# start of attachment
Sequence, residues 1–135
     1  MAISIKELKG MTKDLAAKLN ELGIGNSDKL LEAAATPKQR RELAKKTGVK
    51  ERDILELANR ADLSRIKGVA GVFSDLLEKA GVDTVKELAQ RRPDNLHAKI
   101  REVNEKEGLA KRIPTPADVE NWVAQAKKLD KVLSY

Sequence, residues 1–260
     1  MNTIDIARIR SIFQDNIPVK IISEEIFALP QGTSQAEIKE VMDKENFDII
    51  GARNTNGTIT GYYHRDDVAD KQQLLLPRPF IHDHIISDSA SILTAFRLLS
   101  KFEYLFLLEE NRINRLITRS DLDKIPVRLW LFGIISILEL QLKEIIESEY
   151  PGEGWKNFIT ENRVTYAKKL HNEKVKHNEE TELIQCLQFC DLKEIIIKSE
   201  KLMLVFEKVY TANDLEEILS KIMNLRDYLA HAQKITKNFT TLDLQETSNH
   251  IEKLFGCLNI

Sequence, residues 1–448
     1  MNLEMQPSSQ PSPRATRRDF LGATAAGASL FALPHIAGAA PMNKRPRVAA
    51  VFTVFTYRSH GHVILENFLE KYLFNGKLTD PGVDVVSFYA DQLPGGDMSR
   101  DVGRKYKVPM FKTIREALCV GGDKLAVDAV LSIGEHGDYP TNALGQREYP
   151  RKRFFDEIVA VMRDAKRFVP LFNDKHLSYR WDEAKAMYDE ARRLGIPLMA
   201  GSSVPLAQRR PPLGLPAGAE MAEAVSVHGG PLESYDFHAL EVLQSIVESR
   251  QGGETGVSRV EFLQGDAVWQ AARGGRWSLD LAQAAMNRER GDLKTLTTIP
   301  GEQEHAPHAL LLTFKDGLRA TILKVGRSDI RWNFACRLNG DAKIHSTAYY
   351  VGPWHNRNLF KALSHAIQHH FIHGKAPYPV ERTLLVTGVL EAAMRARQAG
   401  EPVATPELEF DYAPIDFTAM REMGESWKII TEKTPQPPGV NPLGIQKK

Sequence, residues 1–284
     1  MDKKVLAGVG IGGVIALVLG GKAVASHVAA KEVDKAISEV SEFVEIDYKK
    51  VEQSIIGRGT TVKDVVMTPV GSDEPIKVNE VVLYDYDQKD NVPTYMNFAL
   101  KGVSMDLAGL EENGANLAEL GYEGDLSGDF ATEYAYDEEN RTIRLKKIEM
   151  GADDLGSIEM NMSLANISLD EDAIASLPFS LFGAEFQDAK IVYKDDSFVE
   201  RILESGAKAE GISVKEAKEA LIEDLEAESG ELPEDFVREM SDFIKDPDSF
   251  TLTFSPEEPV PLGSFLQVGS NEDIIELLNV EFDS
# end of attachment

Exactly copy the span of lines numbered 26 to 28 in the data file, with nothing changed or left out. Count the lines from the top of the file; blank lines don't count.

   151  GADDLGSIEM NMSLANISLD EDAIASLPFS LFGAEFQDAK IVYKDDSFVE
   201  RILESGAKAE GISVKEAKEA LIEDLEAESG ELPEDFVREM SDFIKDPDSF
   251  TLTFSPEEPV PLGSFLQVGS NEDIIELLNV EFDS